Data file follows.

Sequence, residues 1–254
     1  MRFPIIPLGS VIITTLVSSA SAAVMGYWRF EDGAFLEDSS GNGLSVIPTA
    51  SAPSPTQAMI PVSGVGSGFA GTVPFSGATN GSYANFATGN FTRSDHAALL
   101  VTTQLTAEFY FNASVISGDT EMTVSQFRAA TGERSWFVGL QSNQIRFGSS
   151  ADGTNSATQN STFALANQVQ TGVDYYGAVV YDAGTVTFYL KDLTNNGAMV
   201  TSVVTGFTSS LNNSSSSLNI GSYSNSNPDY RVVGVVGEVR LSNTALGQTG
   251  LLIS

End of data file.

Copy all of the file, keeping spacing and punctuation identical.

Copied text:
Sequence, residues 1–254
     1  MRFPIIPLGS VIITTLVSSA SAAVMGYWRF EDGAFLEDSS GNGLSVIPTA
    51  SAPSPTQAMI PVSGVGSGFA GTVPFSGATN GSYANFATGN FTRSDHAALL
   101  VTTQLTAEFY FNASVISGDT EMTVSQFRAA TGERSWFVGL QSNQIRFGSS
   151  ADGTNSATQN STFALANQVQ TGVDYYGAVV YDAGTVTFYL KDLTNNGAMV
   201  TSVVTGFTSS LNNSSSSLNI GSYSNSNPDY RVVGVVGEVR LSNTALGQTG
   251  LLIS